James Gottstein

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James Barry "Jim" Gottstein[1] is an Alaska based lawyer who specializes in business matters and public land law, and is well known as an attorney advocate for people diagnosed with serious mental illness. Gottstein has sought to check the growth in the administration of psychotropics, particularly to children.

Gottstein is also trying to make alternatives to psychiatric drugs available in Alaska, through organizations he has founded or helped lead, including Soteria-Alaska[2] and CHOICES, Inc.

In 2002, Gottstein co-founded the Law Project for Psychiatric Rights (PsychRights), and currently serves as its president. He is also a member of the board of directors of the International Center for the Study of Psychiatry and Psychology (ICSPP).

Education and early career[edit]

Gottstein grew up in Anchorage, Alaska, and graduated in 1971 from West Anchorage High School. In 1974, he earned his bachelor of science degree, with honors in finance, from the University of Oregon, in Eugene, Oregon. Gottstein completed his legal studies in 1978, at Harvard Law School. After graduating from Harvard, from 1978 to 1980, Gottstein returned to Alaska, where he launched his legal career at the law firm of Robert M. Goldberg & Associates.

Career[edit]

Since 1985, Gottstein has practiced law independently, conducting business as the Law Offices of James B. Gottstein. Between 1986 and 1997, Gottstein represented Alaskans with mental disorders in the Mental Health Trust Land Litigation, which resulted in a settlement valued at approximately $1 billion. State agencies in Alaska had misappropriated funds generated by a one million acre (4,000 km²) land trust, granted specifically for generating funds to operate the state's mental health program.

From 1998 to 2004, he was a member of the Alaska Mental Health Board (AMHB), where he served as committee chair for the program evaluation and budget committees.

In June, 2006, in a case that Gottstein argued before the Alaska Supreme Court, Myers v. Alaska Psychiatric Institute, the court ruled that Alaska's forced drugging procedures were unconstitutional.[3]

PsychRights and consumer advocacy[edit]

The Law Project for Psychiatric Rights, aka PsychRights, is a non-profit organization founded by Gottstein to organize a serious, coordinated legal effort against forced psychiatric medication. Its mission is to bring fairness and reason into the administration of legal aspects of the mental health system, particularly unwarranted court ordered psychiatric drugging and electroshock.

In addition to co-founding PsychRights, Gottstein has co-founded several organizations, including:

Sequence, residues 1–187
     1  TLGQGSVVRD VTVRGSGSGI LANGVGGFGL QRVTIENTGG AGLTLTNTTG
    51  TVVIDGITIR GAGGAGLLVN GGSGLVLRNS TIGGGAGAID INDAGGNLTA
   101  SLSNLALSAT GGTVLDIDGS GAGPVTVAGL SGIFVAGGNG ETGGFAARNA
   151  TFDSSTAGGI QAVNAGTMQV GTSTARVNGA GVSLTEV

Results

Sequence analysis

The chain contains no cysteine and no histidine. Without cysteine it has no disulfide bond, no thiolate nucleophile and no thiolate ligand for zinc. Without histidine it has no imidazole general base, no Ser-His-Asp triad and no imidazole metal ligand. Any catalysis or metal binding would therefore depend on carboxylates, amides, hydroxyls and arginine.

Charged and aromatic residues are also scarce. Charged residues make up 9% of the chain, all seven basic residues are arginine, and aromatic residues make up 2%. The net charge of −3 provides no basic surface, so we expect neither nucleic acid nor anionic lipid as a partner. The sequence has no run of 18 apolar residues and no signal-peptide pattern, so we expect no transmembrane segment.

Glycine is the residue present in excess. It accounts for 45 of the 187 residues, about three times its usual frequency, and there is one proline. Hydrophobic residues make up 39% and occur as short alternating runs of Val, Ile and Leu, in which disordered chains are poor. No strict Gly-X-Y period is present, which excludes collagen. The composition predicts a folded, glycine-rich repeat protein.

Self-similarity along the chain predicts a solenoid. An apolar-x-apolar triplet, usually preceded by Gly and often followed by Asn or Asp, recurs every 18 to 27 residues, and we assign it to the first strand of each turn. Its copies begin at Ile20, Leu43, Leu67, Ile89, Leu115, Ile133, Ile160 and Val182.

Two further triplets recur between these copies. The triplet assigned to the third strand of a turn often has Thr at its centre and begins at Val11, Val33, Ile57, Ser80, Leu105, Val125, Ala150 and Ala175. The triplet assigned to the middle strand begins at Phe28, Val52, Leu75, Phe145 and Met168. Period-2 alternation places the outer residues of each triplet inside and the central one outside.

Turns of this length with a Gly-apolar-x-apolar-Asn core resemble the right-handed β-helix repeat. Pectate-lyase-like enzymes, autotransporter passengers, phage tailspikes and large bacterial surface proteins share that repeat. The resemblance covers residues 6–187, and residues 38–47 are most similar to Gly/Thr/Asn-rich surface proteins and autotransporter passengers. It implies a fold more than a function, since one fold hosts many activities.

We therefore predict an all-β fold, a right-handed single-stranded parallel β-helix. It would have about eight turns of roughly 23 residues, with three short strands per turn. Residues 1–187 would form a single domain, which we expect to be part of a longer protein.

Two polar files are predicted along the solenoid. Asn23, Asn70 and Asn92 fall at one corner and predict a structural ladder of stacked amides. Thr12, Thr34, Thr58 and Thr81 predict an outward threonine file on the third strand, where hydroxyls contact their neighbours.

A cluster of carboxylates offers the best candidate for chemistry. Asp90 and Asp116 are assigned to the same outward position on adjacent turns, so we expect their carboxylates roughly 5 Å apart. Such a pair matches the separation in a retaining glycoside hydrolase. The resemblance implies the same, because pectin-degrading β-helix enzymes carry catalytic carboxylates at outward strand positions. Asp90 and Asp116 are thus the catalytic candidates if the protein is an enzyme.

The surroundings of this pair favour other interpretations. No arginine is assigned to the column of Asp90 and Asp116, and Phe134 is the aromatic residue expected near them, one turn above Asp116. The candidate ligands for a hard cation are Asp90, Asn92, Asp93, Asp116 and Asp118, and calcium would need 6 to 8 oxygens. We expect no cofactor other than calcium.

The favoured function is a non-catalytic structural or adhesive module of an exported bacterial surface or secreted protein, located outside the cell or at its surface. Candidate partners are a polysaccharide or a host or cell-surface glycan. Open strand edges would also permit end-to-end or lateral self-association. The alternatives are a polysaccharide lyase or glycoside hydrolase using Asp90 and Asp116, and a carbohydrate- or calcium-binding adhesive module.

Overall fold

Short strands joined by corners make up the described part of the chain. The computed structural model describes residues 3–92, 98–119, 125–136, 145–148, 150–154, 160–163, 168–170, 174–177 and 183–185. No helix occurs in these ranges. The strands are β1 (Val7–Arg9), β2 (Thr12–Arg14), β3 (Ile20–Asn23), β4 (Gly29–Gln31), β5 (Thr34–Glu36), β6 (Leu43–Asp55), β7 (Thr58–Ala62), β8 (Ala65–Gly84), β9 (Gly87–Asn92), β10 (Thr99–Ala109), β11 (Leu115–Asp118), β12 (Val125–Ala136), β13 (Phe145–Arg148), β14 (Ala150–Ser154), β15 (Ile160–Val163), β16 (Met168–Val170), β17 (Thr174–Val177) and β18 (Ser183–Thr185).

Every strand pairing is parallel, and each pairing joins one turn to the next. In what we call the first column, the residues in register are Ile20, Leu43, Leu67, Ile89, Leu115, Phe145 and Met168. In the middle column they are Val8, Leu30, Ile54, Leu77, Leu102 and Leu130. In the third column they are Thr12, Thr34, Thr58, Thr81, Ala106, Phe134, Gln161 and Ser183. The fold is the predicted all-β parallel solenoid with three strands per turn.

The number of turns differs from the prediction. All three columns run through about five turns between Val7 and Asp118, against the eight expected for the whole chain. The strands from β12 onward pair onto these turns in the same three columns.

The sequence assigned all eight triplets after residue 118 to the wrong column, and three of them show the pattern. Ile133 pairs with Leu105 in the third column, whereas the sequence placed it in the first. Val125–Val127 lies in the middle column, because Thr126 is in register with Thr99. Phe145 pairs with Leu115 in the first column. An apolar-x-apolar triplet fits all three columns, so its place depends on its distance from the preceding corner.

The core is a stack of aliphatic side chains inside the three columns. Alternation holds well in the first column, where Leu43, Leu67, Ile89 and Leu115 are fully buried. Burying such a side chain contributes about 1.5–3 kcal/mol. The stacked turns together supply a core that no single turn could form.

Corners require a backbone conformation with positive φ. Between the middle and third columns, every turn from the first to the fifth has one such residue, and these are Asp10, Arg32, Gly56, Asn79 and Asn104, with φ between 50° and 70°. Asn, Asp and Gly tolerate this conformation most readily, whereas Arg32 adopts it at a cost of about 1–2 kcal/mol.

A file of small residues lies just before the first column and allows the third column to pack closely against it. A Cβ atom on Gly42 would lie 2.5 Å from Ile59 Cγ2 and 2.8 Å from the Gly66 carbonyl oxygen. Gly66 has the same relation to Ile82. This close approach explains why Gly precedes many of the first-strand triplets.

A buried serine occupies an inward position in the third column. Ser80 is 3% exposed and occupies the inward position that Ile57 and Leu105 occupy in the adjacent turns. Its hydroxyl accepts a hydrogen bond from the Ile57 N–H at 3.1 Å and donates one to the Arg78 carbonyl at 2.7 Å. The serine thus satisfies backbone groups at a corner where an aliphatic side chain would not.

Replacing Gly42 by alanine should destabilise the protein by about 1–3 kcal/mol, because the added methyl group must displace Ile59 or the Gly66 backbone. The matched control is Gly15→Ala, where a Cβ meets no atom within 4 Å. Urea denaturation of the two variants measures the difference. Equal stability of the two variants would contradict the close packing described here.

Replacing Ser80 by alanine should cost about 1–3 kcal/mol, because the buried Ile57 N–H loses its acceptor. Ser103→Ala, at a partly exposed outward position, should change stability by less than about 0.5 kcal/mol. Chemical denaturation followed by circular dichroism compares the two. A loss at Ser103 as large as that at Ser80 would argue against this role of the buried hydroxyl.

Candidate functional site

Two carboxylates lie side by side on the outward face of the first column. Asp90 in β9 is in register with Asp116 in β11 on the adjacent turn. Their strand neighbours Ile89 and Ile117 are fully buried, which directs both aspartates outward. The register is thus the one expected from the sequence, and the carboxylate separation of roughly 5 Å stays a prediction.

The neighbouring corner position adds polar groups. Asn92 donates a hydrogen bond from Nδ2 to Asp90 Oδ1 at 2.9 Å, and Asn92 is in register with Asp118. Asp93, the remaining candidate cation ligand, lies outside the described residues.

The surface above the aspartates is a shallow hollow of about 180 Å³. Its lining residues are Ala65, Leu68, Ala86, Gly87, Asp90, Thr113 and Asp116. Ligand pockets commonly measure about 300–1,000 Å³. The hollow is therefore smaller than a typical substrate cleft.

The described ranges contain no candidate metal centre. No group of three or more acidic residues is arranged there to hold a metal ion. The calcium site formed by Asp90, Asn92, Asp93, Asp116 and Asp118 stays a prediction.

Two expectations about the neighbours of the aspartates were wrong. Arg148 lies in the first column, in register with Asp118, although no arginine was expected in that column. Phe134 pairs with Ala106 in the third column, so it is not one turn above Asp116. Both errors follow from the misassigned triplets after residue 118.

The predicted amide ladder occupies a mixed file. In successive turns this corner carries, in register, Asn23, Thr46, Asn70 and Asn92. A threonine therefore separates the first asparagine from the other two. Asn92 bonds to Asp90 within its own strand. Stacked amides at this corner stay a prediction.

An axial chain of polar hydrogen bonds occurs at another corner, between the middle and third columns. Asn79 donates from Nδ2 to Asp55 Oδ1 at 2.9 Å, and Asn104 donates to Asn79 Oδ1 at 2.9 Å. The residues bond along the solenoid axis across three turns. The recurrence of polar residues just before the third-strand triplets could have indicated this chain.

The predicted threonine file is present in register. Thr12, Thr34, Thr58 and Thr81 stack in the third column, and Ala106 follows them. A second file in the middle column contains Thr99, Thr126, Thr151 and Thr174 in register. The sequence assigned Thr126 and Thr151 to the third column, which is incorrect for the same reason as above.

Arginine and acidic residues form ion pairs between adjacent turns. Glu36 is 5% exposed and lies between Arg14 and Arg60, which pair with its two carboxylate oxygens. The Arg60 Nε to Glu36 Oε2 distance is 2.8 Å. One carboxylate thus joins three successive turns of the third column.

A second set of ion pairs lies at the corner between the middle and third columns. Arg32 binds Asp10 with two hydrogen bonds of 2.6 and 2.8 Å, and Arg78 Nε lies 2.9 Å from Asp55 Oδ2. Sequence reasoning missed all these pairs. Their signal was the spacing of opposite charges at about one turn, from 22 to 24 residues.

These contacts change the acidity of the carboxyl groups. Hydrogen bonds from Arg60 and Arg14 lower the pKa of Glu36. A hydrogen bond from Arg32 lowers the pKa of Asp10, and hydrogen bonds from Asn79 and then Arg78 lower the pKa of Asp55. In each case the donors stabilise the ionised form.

• The Alaska Mental Health Consumer Web (with Katsumi Kenaston), which provides peer-support and a drop in center for mental health consumers in Anchorage;
  • CHOICES, Inc. (Consumers Having Ownership in Creating Effective Services), which provides peer-run, alternative services, especially the right to choose not to take psychiatric drugs;
  • Mental Health Consumers of Alaska (with Andrea Schmook and Barbara Greene), for which he served as a board member for ten years;
  • Peer Properties, Inc., which is strictly an owner and operator of real estate, provides peer (mental health consumer) run housing for people diagnosed with serious mental illness who are homeless, at risk of homelessness, or living in bad situations; and
  • Soteria-Alaska, Inc., where he now serves as president, is dedicated to providing a non-coercive and mainly non-drug alternative to psychiatric hospitalization, under the principles established by the late Dr. Loren Mosher.

Eli Lilly memos[edit]

In 2006, James Gottstein gave documents to The New York Times showing that Eli Lilly and Company executives kept important information from doctors about the anti-psychotic Zyprexa’s links to obesity and its tendency to raise blood sugar — both known risk factors for diabetes.[4] According to a New York Times article published on December 17, 2006,[5] "Eli Lilly has engaged in a decade-long effort to play down the health risks of Zyprexa, its best-selling medication for schizophrenia, according to hundreds of internal Lilly documents and e-mail messages among top company managers", most of which had been disclosed as the result of lawsuits by individuals who had taken the drug, though other documents had been stolen. ".[6]

Eli Lilly agreed on January 4, 2007 to pay up to $500 million to settle 18,000 lawsuits from people who claimed they developed diabetes or other diseases after taking Zyprexa. Including earlier settlements over Zyprexa, Lilly has now agreed to pay at least $1.2 billion to 28,500 people who claim they were injured by the drug. At least 1,200 suits are still pending, the company said. About 20 million people worldwide have taken Zyprexa since its introduction in 1996.[7]

See also[edit]

Notes[edit]

  1. ^ Atwood, Evangeline; DeArmond, Robert N. (1977). Who's Who in Alaskan Politics. Portland: Binford & Mort for the Alaska Historical Commission. p. 35. 
  2. ^ https://www.madinamerica.com/2012/09/some-observations-of-soteria-alaska/
  3. ^ The New York Times December 17, 2006
  4. ^ Eli Lilly was Concerned by Zyprexa Side-Effects from 1998, The Times (London), January 23, 2007
  5. ^ The New York Times December 17, 2006
  6. ^ U:\Cases\Civil L-Z\In re Zyprexa\Documents Leak\Injunction Memo & Order\FINAL INJUNCTION MEMO 2.13.07.wpd
  7. ^ NYtimes.com Lilly to Pay Up to $500 Million to Settle Claims. The New York Times, January 4, 2007

External links[edit]